Yeah, you’re absolutely right that the labor market, showing that there are needs and jobs unfilled in many places, which is causing disruption in so many other areas, education is not immune to that. I know, as a father that my children, they play extracurricular sports after school. And we would get, as parents, we would get notification of changes in schedule because of the availability of drivers or lack of availability is a better term. And again, we’re not immune to it.

So what can we do? You know, salary is one thing, we need to make sure that our drivers have a livable wage, but we also have to make sure that they’re feeling that they’re part of something bigger, right? That they’re part of the mission of helping children grow. And they need support in many ways that we all need support. They need to feel supported in their job value, listened to, I think job satisfaction often comes not from just salary, but from being a part of a tight knit community where your voice matters. So I think it’s really important that we can take some notes from our bus drivers on what they’ve seen and how we can continue to improve operations based on their experiences.

I know our industry will appreciate hearing that message. And it will be tremendously influential. I believe our members would also benefit from a better understanding about the extent to which some of the ARP and ESSER funding sources can be used for transportation purposes. Is there anything specific you would recommend that a local transportation director should do as a follow up to our conversation today?

That’s a great question. You know, when the American Rescue Plan funds were passed by Congress, President Biden’s intention here was to provide resources, to make sure that our schools can safely reopen. I don’t have to tell you the impact that remote learning has had, and the importance of in person learning opportunities that are safe for our students. I don’t have to tell you that. The president understood that. The funds are there for that. So that means that getting children to school safely is part of that. So funds should be used, not only can they be used, they should be used to make sure that we have ample staff that drive our buses and to have students coming into school. What good is it having a school safe environment if we can’t bring the children there? So I’m concerned when I hear that schools are closing because there’s inadequate staffing when there’s millions of dollars available.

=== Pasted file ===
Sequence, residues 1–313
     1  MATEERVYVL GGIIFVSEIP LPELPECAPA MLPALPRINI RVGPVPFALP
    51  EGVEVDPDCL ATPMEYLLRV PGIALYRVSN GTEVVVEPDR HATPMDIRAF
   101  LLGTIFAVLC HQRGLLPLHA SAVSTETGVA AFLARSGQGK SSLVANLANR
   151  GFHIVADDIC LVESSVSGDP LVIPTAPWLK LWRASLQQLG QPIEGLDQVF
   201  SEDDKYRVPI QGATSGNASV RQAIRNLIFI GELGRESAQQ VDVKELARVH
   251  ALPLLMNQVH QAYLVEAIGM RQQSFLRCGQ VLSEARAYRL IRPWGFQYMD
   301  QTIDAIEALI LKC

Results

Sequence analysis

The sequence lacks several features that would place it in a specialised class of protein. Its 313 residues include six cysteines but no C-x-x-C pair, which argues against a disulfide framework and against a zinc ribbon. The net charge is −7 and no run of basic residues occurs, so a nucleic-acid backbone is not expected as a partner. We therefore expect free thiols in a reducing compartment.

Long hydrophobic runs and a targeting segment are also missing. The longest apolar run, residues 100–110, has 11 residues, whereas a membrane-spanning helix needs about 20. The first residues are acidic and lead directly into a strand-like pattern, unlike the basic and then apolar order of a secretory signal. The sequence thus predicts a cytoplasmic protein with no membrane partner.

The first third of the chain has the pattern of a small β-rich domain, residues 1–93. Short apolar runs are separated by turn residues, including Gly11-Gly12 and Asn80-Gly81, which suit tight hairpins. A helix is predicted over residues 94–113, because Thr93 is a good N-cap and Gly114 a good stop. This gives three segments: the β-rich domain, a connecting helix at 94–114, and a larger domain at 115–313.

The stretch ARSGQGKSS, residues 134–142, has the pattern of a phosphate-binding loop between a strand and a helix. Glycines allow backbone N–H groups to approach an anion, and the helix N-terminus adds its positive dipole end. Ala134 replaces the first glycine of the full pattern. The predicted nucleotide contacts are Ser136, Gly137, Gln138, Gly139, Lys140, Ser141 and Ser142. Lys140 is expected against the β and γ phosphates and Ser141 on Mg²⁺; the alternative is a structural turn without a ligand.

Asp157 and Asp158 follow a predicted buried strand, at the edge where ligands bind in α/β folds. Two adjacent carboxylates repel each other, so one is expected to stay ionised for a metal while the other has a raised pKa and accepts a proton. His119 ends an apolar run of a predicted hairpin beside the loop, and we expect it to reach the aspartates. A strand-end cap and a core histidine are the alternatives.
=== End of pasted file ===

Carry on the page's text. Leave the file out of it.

Now I recognize it’s not that easy. Having been a former school principal and having to get called in the morning that I don’t have adequate staff, there’s a lot of scrambling going on. But there are resources now that should be used to provide incentives, bonuses, hiring bonuses, that’s all possible. And that’s all why the American Rescue Plan was passed. We did provide an FAQ in November with detailed information, and I think people need to feel comfortable saying if the funds are being used to keep our students in the classroom, that’s what you should be using them for. So let’s get creative, let’s work together. Let’s learn from one another. The American Rescue Plan funds are there as much to make sure that the kids are getting into school as they are for PPE and other devices that we know are aimed at keeping children safe.

Our members are responsible for providing school transportation for children across the nation, including those with special needs. And we know that’s been an incredible challenge for school administrators, but even more so for parents and students themselves. We appreciate the Department of Education’s clarifying guidance to assist people in the field. Do you have any other information our members should seek within the Department, or staff they should be talking to about challenges for the individuals they’re trying to serve, and especially students with disabilities?